I have noticed that many of my clients feel that even if they invest in good clothing brands, their garments do not last long in good condition.
Is this because brands are reducing the quality of their products, or is it because we don't know how to take proper care of our clothes? Well, I'm here today to show you why it is so important to take adequate care of your clothes and how you can ensure all of your garments last longer.
It is important not to idealize clothing brands. Their marketing teams have been working for many years to make you think they have unique garments and are all worth it, but unfortunately, this concept is incorrect. The same brand can work with exceptional fabrics and patterns when they produce coats, but the quality leaves much to be desired when it comes to shirts.
But in some of my client's cases, we have concluded that the garments' maintenance and care are inadequate; that's why they don't last as long as they should. The fact is that even if your clothes are very expensive or come from a well-known brand, you can still damage them if you're not careful.
The good news is that there are things you can do to make sure you keep your favourite garments in good condition for a long time! In this post, I will explain how to take better care of your clothes to make them last longer and how to buy fewer garments so you won't be contributing to the fashion industry's waste problem.
We will also look at the symbols on the labels of the clothes and what they mean. There are many factors that can affect the longevity of your garments. Proper care will help keep them in good shape for years. However, no matter how good you are at caring for your clothes, they cannot last forever. Eventually, you will have to replace them with new ones. But you can extend their life by taking care of them properly and storing them carefully when not in use.
We are going to start by understanding the information the labels provide us. In each garment we buy, we find labels (yes, those itchy ones that we use to finish cutting them) explaining where it is made, the different fabrics are made of the garment, how to wash it, how to iron it and whether it can be tumble dried or not, among many other things. And although it all seems very obvious and clear, sometimes we have a hard time understanding exactly what we should do to take care of our clothes and maintain them in the best possible way.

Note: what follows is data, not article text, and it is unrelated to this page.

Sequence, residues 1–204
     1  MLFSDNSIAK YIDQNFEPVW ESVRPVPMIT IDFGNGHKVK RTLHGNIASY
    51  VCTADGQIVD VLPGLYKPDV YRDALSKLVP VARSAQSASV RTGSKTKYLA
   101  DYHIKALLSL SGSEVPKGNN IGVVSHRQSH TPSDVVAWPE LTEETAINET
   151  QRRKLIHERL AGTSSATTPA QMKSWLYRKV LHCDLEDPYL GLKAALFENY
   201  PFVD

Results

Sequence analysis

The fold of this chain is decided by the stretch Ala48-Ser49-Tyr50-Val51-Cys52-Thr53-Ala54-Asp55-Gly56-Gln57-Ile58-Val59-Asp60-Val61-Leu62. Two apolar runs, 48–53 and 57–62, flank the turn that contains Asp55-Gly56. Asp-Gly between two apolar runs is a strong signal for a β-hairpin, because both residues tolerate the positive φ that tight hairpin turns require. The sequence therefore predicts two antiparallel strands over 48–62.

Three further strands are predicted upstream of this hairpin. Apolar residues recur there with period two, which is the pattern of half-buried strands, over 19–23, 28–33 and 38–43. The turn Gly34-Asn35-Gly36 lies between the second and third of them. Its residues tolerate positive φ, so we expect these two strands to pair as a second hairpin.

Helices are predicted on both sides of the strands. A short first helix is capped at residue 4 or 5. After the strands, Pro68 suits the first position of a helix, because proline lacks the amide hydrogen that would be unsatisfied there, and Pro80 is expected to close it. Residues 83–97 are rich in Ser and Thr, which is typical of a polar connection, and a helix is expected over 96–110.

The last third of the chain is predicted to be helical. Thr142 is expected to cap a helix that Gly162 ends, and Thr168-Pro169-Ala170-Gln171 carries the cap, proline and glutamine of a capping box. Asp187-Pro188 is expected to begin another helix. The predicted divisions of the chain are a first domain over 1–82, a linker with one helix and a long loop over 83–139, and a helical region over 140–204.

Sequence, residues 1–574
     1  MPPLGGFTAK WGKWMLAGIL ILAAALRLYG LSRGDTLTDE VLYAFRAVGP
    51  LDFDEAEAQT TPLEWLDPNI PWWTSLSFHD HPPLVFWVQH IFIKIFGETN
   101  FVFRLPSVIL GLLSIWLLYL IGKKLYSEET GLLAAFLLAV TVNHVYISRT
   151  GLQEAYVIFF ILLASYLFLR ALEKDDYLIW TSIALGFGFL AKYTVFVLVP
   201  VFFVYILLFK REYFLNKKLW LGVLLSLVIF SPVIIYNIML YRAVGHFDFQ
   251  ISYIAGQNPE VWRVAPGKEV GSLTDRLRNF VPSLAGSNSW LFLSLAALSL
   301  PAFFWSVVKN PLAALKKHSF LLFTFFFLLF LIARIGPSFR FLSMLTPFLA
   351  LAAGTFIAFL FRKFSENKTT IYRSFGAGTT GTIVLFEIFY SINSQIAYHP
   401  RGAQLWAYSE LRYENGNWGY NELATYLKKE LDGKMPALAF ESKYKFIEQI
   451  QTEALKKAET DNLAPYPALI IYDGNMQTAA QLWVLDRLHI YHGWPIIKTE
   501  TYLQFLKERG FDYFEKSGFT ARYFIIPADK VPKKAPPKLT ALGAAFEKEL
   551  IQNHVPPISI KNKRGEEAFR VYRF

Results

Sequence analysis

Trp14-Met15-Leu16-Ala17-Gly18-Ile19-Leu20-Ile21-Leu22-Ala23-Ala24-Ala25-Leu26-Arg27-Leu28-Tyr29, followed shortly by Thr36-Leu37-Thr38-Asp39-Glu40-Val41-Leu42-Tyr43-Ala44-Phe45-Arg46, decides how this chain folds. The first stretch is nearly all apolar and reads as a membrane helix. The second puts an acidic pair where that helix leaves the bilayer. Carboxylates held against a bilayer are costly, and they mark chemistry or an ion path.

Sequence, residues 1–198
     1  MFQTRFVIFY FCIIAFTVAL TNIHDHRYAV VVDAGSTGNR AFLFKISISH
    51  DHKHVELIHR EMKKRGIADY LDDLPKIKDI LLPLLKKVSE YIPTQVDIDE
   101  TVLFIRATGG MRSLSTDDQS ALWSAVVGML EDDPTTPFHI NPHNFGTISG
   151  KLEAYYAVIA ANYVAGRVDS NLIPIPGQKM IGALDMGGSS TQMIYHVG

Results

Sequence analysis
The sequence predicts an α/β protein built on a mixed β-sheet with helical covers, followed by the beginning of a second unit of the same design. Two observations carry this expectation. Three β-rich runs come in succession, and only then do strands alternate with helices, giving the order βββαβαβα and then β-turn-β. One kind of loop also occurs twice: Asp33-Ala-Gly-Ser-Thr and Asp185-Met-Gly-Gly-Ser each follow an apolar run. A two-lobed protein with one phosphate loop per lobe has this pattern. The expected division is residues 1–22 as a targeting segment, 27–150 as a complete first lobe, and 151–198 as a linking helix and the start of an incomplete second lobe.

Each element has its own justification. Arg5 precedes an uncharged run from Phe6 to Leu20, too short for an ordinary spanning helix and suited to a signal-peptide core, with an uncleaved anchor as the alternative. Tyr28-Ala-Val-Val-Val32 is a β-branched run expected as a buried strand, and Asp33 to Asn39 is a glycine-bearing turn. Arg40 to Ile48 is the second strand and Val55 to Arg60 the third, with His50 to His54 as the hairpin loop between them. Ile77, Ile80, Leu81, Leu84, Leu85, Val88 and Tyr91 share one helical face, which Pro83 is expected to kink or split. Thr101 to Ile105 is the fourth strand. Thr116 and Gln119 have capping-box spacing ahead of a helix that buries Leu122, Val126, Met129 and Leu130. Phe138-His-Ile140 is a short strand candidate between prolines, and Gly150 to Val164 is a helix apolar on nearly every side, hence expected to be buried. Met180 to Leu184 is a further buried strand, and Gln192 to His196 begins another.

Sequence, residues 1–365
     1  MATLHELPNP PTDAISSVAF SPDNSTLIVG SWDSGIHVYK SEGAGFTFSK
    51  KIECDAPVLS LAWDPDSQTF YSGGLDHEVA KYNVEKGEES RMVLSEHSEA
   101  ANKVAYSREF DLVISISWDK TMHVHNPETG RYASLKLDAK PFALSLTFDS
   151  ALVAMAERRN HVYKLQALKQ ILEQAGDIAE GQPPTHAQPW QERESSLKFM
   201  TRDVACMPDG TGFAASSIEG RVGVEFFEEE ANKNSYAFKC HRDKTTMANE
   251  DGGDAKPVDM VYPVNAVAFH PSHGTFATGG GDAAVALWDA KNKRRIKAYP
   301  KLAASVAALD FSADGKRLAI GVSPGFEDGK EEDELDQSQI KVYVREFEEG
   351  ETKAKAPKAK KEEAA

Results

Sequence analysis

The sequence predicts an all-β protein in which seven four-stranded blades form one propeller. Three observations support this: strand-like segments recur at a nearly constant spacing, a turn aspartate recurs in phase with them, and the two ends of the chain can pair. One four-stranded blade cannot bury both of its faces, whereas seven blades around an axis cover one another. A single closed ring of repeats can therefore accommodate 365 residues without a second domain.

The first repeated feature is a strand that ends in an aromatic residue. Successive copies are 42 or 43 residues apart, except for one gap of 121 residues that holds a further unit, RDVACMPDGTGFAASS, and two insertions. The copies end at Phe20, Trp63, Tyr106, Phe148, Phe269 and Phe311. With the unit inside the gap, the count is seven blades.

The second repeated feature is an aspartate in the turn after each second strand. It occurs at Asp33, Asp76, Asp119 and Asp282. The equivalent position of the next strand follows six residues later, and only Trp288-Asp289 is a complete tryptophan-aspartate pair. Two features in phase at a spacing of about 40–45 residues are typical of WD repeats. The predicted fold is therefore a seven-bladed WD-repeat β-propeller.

Do you know how to take care of your garments properly? Many times those strange symbols that we see on the labels are odd to us, and we don't know how to interpret them; that's why in this post, I will tell you how to take care of every garment you have in your wardrobe and avoid that they can shrink, lose colour or break due to inadequate care. In short, by reading these labels and understanding their materials, you will be able to make your garment last ten years instead of two.
We can start with the laundry washing symbols. These symbols give you information about the temperature you should use; it can be indicated with the dots as you see in the picture or with the number of degrees. Another thing you will find here is the washing machine program you can use; it can be normal, perm press or delicate. Also, you can see a cross, which means that you can not wash it, or a hand which means it needs to be hand washed. If you can not wash it at home, you will find a circle representing dry clean only.